2. SURESH E. Diagnosis of early rheumatoid arthritis: what the non-specialist needs to know J R Soc Med [online] 2004 Sep, 97(9):421-424 [viewed 10 September 2014] Available from: doi:10.1258/jrsm.97.9.421

Investigations - Screening/Staging

Fact Explanation
Serum electrolytes, blood urea and serum creatinine Kidney involvement may cause proteinuria and kidney failure. This may be due to amyloidosis or Disease modifying anti rheumatoid medications(DMARDS). [1]
Electrocardiogram and echocardiogram All the three layers of the heart can get affected with rheumatoid disease. Myocardial ischaemia, arrhythmias, heart failure may be occurred. Diffuse lung capacity DLCO, is one of the most sensitive test available to screen for the presence interstitial lung disease in rheumatoid arthritis. [1]
Pulmonary imaging studies eg:- high-resolution CT [HRCT] scan, chest radiograph [2] These are recommend as follow-up imaging when the DLCO is reduced to less than 70% of predicted, this is because there s a possibility of having normal pulmonary function tests despite having pulmonary damage. [1]
Chest X-ray [2] A chest radiograph should be taken at the time RA is diagnosed, then repeated at intervals If there is any evidence of lung disease such as loss of lung volumes or interstitial markings further evaluation should be done. [2]
References
  1. HAMBLIN MARK J., HORTON MAUREEN R.. Rheumatoid Arthritis-Associated Interstitial Lung Disease: Diagnostic Dilemma. Pulmonary Medicine [online] 2011 December, 2011:1-12 [viewed 17 August 2014] Available from: doi:10.1155/2011/872120
  2. KIM EUNICE J.. Rheumatoid Arthritis-Associated Interstitial Lung Disease. Chest [online] 2009 November [viewed 17 August 2014] Available from: doi:10.1378/chest.09-0444

Management - General Measures

Fact Explanation
Supportive management [2] Supplementary oxygen, and mechanical ventilatory support may be needed in advanced disease. [2]
Nutrition This is particularly important due to several factors. Anaemia is there due to the chronic disease, bronchiectasis [2] may cause protein loss via the sputum.
Monitoring [1] Half of patients that develop methotrixate drug toxicity will be symptomatic within the first 6–8 months of treatment. Therefore monitoring is important with lung functions, and chest imaging for the early detection of the disease. [1] This should be done atleast anually in patients with rheumatoid arthritis. [2]
References
  1. SCOTT DAVID L. Interstitial lung disease and disease modifying anti-rheumatic drugs. The Lancet [online] 2004 April, 363(9416):1239-1240 [viewed 17 August 2014] Available from: doi:10.1016/S0140-6736(04)15969-2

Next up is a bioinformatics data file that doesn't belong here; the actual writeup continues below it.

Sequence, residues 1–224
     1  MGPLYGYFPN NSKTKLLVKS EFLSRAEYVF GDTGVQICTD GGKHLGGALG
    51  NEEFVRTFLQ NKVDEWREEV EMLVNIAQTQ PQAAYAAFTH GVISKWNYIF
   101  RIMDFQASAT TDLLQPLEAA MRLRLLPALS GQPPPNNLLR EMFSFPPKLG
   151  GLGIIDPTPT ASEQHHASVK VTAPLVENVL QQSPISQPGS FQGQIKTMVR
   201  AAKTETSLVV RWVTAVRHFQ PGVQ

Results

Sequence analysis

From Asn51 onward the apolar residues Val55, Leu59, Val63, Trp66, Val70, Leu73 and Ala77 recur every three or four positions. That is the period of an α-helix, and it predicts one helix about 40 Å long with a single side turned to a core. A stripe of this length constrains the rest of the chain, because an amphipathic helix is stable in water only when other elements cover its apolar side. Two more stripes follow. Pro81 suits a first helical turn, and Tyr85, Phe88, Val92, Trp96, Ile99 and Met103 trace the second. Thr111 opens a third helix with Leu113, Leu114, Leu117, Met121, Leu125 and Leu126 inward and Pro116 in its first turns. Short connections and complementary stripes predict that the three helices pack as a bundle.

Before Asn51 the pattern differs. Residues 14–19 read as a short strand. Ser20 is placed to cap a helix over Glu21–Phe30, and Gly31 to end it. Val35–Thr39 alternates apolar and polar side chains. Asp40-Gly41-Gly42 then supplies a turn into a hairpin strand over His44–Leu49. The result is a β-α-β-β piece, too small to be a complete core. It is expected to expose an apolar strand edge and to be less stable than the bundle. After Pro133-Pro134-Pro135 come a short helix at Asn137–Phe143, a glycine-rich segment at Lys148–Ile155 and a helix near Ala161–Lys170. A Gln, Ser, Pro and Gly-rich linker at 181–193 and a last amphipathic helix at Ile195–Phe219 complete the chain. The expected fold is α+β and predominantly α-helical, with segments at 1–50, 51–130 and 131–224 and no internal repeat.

2. KIM EJ, COLLARD HR, KING TE JR. Rheumatoid Arthritis-Associated Interstitial Lung Disease: The Relevance of Histopathologic and Radiographic Pattern Chest [online] 2009 Nov, 136(5):1397-1405 [viewed 10 September 2014] Available from: doi:10.1378/chest.09-0444

Management - Specific Treatments

Fact Explanation
Glucocorticoids [1] When there is ground glass infiltrates on HRCT, glucocorticoids may be helpful. 0.75 mg/kg/day prednisone during the initial four weeks of treatment, then 0.5 mg/kg/day for the next four weeks, then 20 mg/day for four weeks tapering to 10 mg/day for the next 6 weeks, and then 5 mg/day for 6 weeks is the usualtreatment schedule. [1]
Cyclophosphamide [4] 2 mg/kg/day orally) is started with the lower-dose prednisone (0.25 mg/kg/day) for steroid nonresponders. [1] Cyclosporine is used to treat both acute pneumonitis and progressive pulmonary fibrosis. [4] N-Acetylcysteine (NAC) is an antioxidant that has shown to be effective at retarding the progression in lung function in idiopathic pulmonary fibrosis (IPF .
Rituximab [3] This anti-CD20 antibody is used to treat the refractory to anti-TNF-α therapy. [4]
Monitoring the response to therapy [2] Response to treatment is considered when 10% improvement in the FVC or 15% improvement in the DLCO occurs at 12 weeks. [1] If the FVC and DLCO remain stable over a two-year period, medical regimen can be withheld.
References
  1. HAMBLIN MARK J., HORTON MAUREEN R.. Rheumatoid Arthritis-Associated Interstitial Lung Disease: Diagnostic Dilemma. Pulmonary Medicine [online] 2011 December, 2011:1-12 [viewed 17 August 2014] Available from: doi:10.1155/2011/872120
  2. KIM EJ, COLLARD HR, KING TE JR. Rheumatoid Arthritis-Associated Interstitial Lung Disease: The Relevance of Histopathologic and Radiographic Pattern Chest [online] 2009 Nov, 136(5):1397-1405 [viewed 10 September 2014] Available from: doi:10.1378/chest.09-0444
  3. KAPLAN MJ. Cardiovascular complications of Rheumatoid Arthritis - Assessment, prevention and treatment Rheum Dis Clin North Am [online] 2010 May, 36(2):405-426 [viewed 10 September 2014] Available from: doi:10.1016/j.rdc.2010.02.002
  4. BROWN KK. Rheumatoid Lung Disease Proc Am Thorac Soc [online] 2007 Aug 15, 4(5):443-448 [viewed 10 September 2014] Available from: doi:10.1513/pats.200703-045MS